Territory Stories

Debates Day 3 - Thursday 19 November 2015

Details:

Title

Debates Day 3 - Thursday 19 November 2015

Other title

Parliamentary Record 24

Collection

Debates for 12th Assembly 2012 - 2016; ParliamentNT; Parliamentary Record; 12th Assembly 2012 - 2016

Date

2015-11-19

Notes

Made available by the Legislative Assembly of the Northern Territory

Language

English

Subject

Debates

Publisher name

Hansard Office

Place of publication

Darwin

File type

application/pdf

Use

Attribution International 4.0 (CC BY 4.0)

Copyright owner

Legislative Assembly of the Northern Territory

License

https://creativecommons.org/licenses/by/4.0/

Parent handle

http://hdl.handle.net/10070/267729

Citation address

https://hdl.handle.net/10070/441540

Page content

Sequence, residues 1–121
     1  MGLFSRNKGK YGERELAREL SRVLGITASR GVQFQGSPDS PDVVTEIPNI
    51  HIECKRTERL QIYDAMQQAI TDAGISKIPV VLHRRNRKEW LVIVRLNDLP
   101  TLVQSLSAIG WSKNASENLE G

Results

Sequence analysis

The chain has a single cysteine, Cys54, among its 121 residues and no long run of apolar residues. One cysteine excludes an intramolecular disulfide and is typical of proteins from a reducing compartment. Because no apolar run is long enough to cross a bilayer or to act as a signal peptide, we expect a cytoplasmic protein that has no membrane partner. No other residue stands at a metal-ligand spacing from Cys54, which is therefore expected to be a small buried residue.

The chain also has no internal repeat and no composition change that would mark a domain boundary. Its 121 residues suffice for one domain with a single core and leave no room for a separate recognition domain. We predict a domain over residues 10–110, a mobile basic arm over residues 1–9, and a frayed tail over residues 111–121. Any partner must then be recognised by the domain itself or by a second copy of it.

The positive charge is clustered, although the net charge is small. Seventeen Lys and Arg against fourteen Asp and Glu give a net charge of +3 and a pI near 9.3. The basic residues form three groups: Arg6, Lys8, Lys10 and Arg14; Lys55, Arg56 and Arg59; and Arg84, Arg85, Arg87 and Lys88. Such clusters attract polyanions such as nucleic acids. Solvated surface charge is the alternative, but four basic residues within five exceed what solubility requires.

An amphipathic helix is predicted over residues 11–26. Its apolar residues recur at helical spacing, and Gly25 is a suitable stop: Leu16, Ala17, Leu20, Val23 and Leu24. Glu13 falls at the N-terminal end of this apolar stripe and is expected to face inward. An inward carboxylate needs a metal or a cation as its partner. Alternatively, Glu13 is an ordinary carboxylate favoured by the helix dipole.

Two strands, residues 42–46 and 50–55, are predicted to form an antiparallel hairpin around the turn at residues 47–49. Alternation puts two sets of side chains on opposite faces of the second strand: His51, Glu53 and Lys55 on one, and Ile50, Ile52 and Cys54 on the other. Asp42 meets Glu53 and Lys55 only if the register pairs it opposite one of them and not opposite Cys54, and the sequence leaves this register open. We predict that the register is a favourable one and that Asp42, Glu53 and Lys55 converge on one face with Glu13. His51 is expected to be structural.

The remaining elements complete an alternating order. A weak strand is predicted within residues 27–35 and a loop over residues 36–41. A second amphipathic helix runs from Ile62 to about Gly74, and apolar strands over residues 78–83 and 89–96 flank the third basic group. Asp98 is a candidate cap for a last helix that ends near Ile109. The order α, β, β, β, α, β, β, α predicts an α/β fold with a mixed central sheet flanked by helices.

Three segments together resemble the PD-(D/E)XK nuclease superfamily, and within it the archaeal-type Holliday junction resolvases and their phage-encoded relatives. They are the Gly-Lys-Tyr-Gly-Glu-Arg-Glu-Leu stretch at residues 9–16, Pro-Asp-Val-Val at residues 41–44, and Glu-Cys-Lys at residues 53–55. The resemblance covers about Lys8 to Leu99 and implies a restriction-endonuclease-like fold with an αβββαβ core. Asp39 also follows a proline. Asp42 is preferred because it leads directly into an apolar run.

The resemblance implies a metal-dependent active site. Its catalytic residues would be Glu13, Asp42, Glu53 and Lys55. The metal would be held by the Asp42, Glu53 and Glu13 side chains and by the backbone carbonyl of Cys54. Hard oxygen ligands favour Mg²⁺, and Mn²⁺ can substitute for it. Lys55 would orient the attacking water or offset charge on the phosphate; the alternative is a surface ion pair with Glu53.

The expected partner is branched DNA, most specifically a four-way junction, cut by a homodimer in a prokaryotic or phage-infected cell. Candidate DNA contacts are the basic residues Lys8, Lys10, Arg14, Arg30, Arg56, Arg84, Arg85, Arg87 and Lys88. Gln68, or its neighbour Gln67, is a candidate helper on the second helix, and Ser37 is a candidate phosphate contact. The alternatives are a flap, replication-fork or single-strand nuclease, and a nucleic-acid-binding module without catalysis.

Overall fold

DEBATES Thursday 19 November 2015 7418 the Tanami Highway this year. That $7m does not sound like a lot, but for every year, for as long as I can remember, $2m went into the Tanami, which is about 3.5 km of road. We have increased it to $7m and are looking at increasing it again next year, because the more road we build towards the Tanami Desert along the Tanami Highway gives more access for new mines to open up gold mines in particular which creates jobs for the Warlpiri who live at Yuendumu, Yuelamu, Lajamanu or Papunya. The $10m we put into the Santa Teresa Road built a bridge which now means the community of Santa Teresa will not get cut off any time of the year except by a one-in-100-year flood. It will be fully accessible. We have improved the amenity so it is safer for people to drive and to come in and get goods and services, go to a job, then go back home. The Plenty Highway and the straight road combine to make the Outback Highway between Western Australia and Queensland. It is the longest inland freeway we know of. It is a very difficult road to travel. The last estimate I saw two years ago was it would cost about $512m to fully dual seal that road. We do not have $512m spare to put into that road, but we are working with the federal government on a 50:50 funding solution of $22.5m each for a $45m road package to improve the Plenty Highway by sealing as much as possible. That work is starting now. That is one of the important arteries of the Northern Territory. I spoke about the Tiwi Islands. There is $33m going towards the Pickertaramoor road. We have seen the building of the bridge over the Daly to support and improve access for the residents through the Daly River region to Palumpa, Peppimenarti, Wadeye, Woodycupaldiya, Emu Point and many other outstations. We are upgrading the road between Palumpa and Peppimenarti and working on Saddle Rail Creek on the Port Keats Road to connect people, but also to open up options for farming and business. I know those on Elizabeth Downs Station are looking forward to it so they can get tourists on Lizzy Downs, the big cattle station, and then employ local Aboriginal people for some of the cultural and fishing elements, which is a great opportunity. That is where we are driving reforms and change. A major road in the Northern Territory which has very poor access is the Central Arnhem Highway, which runs from south of Katherine up to Nhulunbuy. It represents a very big problem for connecting those who want to drive there because of the lack of river crossings. There are the Wilton and Roper Rivers, which we are looking to build bridges across now. That will help to open up country. We are upgrading the Buntine and Carpentaria Highways. There is $11m going to the top road between Cahills Crossing and Oenpelli. This is building infrastructure. Last year we spent more than $6m in a joint partnership with Telstra, 50:50, putting telecommunications into communities. Telecommunications connect people. Mobile phones allow people to talk to loved ones but they are also good for learning, whether it is simple text messages, accessing the Internet for news or using those ADSL services for educational purposes. Communities such as Alpara, Papunya and Peppimenarti now have access to these services as 16 communities were connected last time in a $6m deal. But right now we have $42m rolling out access to more communities in the Territory. By the time that $42m is spent, the two major communities that will not have mobile phone access will be Docker River and Lake Nash, but I am working on a program on how we can get money for those two. Communities such as Docker River, Imanpa, Finke, Titjikala, Wallace Rockhole, Yuelamu all in Central Australia will now have access. Bulman, Weemol, Umbakumba and Minjilang, are communities that will get mobile phone technology, 3G and ADSL2+. Communities like Timber Creek which already have mobile phones will be given ADSL2+. We are all connected with the world; we can all work in a business environment and be connected with one another. This is what building infrastructure is all about. This is the big picture which is building the infrastructure to open up the country and encourage communities whether they are Indigenous, non-Indigenous, regional, remote, or urban to get people working. That is business. The more people working, the better the Territory will be. We already have the lowest unemployment rate in the country. We have the highest labour force participation rate, which was 76.3% the last time I checked. That figure represents people who are in a job, looking for a job, or in training. The rest of our nation sits at about 62%. So if you want a job in the Northern Territory, you get one. That is what it is like. We have more work to do in the bush creating those economies, but the infrastructure will help do that. That is the big picture. We put that in conjunction with what others are doing and dovetail it. We started the north Australia agenda with our North Australia Development Office. The federal government has now come on board with its north Australia approach. We work in unison, which is a great approach.